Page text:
Consumer Trends

Breakfast visits up as more workers return to the office

Consumers purchased breakfast at restaurants more frequently over the past year and the biggest spenders were men.
coffee shop
Consumers stop at coffee shops for breakfast as a way to treat themselves on the way to work. | Photo: Shutterstock

Restaurant visits for breakfast are up 4% in 2023, according to recent findings from Circana, the Chicago-based consumer research company. And most of those visits are happening from Tuesday through Thursday, when people are most likely commuting to the office.

While office workers might be driving weekday breakfast business, it’s male customers aged 45-54 with higher incomes who are the most frequent purchasers and the biggest spenders. This group spends five times more on restaurant breakfasts than the average consumer and often seeks out caffeinated beverages and convenient, on-the-go breakfast items, Circana reports. They tend to stop at a gourmet coffee and tea chain as a way to treat themselves on their way to the office during the week. 

Younger consumers aren’t exactly slackers. Gen Zers who fall into the 18-24 age group may purchase fewer restaurant breakfasts each year than any other age cohort, but they have also increased breakfast visits since last year. And they are still looking to treat themselves, ordering specialty iced and blended drinks but gravitating toward lower-price channels, such as fast-food burger chains.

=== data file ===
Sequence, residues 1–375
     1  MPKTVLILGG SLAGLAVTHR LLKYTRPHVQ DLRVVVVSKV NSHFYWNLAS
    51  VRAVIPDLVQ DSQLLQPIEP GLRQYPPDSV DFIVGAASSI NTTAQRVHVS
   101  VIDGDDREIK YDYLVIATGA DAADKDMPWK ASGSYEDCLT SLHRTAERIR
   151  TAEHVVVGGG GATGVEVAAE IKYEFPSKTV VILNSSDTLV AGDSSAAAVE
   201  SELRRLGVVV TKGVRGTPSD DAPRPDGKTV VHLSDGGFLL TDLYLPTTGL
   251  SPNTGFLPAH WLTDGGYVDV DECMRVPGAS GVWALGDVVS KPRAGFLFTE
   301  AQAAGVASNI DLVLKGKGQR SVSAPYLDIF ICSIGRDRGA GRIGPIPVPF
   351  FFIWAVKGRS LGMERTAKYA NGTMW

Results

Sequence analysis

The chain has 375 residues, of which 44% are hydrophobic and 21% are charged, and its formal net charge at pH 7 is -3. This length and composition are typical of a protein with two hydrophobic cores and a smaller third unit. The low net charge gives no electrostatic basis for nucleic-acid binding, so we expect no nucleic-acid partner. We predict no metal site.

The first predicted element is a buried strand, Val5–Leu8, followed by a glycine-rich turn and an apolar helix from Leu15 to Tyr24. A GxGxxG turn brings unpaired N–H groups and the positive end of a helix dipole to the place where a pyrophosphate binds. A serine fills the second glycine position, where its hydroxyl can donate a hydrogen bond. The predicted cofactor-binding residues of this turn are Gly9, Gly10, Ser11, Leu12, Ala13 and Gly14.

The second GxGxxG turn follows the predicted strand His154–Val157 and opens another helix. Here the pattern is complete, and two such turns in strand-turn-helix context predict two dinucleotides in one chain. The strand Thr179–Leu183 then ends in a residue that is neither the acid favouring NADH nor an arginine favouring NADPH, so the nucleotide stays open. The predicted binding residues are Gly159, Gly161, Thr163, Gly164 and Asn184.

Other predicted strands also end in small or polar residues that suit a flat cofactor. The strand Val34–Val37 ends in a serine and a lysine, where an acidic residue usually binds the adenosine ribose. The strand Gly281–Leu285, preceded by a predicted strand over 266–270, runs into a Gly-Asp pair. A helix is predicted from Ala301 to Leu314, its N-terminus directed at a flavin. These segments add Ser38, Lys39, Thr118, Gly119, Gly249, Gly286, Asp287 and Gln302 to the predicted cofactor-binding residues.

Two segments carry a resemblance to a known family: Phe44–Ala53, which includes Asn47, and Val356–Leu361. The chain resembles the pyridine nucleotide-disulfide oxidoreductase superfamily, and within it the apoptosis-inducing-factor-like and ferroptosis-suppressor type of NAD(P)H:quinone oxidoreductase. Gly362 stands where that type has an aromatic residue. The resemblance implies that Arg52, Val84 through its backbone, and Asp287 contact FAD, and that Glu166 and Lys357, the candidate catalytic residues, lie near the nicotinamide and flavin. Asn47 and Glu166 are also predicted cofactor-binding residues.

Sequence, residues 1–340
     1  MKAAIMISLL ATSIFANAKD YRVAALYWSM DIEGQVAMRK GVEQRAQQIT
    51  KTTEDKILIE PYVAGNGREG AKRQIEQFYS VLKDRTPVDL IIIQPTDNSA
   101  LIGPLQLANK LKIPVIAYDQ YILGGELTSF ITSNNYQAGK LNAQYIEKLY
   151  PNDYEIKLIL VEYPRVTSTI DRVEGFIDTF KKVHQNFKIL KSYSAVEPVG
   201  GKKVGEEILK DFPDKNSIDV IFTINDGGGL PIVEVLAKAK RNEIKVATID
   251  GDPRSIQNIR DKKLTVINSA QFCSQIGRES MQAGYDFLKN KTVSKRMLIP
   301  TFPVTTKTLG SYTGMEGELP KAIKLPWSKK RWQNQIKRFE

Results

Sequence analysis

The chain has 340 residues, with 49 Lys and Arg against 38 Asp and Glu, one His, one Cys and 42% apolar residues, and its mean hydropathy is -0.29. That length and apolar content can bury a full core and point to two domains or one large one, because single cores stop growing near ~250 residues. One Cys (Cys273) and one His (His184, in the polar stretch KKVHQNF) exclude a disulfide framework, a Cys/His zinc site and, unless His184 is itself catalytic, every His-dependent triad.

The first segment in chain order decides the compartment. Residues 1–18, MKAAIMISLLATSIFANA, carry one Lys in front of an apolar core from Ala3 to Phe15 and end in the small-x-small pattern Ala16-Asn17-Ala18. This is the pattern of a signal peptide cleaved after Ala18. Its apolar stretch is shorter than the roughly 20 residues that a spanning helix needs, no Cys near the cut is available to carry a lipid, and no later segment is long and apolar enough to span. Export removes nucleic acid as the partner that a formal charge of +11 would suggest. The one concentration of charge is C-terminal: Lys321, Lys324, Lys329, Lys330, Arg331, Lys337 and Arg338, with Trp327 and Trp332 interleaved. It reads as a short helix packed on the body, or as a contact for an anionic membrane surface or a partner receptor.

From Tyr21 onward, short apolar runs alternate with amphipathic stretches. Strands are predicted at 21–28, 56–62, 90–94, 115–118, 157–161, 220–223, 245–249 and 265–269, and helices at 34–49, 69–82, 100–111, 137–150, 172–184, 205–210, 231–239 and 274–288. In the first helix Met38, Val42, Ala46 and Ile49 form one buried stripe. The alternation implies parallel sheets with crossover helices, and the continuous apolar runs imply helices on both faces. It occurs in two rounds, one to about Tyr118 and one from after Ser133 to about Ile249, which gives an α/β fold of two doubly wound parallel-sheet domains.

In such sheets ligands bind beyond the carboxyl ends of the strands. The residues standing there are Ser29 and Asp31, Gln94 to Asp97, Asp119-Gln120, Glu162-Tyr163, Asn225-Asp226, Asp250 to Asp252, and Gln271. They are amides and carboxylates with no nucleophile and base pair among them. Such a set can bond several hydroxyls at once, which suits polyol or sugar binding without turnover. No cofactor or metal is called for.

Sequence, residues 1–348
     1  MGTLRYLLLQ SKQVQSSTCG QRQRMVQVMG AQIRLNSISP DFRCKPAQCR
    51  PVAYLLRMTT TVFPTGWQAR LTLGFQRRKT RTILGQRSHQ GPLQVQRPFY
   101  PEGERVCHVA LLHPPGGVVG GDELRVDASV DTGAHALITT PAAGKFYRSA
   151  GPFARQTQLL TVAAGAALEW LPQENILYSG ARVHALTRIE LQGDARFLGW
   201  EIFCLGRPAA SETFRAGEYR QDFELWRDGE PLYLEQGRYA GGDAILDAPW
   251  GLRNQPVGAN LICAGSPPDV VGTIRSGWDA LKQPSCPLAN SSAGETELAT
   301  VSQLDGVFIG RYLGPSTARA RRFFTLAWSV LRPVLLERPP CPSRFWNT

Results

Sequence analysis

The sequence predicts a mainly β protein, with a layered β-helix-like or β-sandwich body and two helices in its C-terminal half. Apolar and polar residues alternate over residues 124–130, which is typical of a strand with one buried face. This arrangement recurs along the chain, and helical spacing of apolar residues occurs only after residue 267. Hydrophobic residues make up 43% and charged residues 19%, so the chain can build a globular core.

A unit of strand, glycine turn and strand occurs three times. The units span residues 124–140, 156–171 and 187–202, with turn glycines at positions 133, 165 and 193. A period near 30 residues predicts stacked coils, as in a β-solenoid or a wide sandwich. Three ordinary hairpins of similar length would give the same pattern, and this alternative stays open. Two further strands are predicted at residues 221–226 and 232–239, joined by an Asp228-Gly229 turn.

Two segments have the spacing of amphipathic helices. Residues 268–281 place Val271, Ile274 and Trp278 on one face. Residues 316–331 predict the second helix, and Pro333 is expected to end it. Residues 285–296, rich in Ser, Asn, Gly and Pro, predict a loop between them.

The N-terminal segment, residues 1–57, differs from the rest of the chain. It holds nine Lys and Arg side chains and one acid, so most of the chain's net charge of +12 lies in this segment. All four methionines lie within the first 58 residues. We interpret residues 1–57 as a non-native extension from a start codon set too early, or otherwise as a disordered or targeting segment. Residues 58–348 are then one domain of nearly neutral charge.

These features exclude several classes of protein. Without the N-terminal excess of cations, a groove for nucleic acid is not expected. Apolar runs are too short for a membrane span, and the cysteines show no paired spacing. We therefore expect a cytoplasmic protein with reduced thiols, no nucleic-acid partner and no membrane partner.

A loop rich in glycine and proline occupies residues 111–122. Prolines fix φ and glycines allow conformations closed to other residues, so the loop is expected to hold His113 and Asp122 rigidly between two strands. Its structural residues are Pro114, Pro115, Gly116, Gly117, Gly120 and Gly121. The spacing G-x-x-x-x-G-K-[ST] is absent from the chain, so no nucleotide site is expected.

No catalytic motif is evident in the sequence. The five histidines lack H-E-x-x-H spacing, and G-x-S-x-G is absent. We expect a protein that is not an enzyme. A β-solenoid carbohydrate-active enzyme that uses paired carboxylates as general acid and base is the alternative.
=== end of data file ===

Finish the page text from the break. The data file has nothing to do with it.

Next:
Just 20% of U.S. shoppers are currently buying breakfast at restaurants but they account for 60% of breakfast sales. It seems like retail stores are losing morning sales to restaurants 

“As gourmet coffee players continue to add locations, up 8% versus a year ago, we are seeing long-term implications and growth opportunities emerge for CPG retailers and brands …,” Tim Fires, president, Foodservice, Circana, said in a statement. “The opportunity to capture the heavy restaurant breakfast buyer in-store and deliver on their needs is through RTD specialty caffeinated drinks, with formats and flavors that are available in restaurants, along with convenient grab-and-go breakfast items like donuts, pastries and baked goods that don’t require utensils.” 

Members help make our journalism possible. Become a Restaurant Business member today and unlock exclusive benefits, including unlimited access to all of our content. Sign up here.


Exclusive Content


Some McDonald's customers are doubling up on the discounts

The Bottom Line: In some markets, customers can get the fast-food chain's $5 value meal for $4. The situation illustrates a key rule in the restaurant business: Customers are savvy and will find loopholes.


Ignore the Red Lobster problem. Sale-leasebacks are not all that bad

The decade-old sale-leaseback at the seafood chain has raised questions about the practice. But experts say it remains a legitimate financing option for operators when done correctly.


The restaurant M&A market was tough, and then came the bankruptcies

The market for restaurant mergers and acquisitions has been slow for more than two years. But that market is bifurcated, as good deals get done and opportunistic buyers snap up low-priced chains.


More from our partners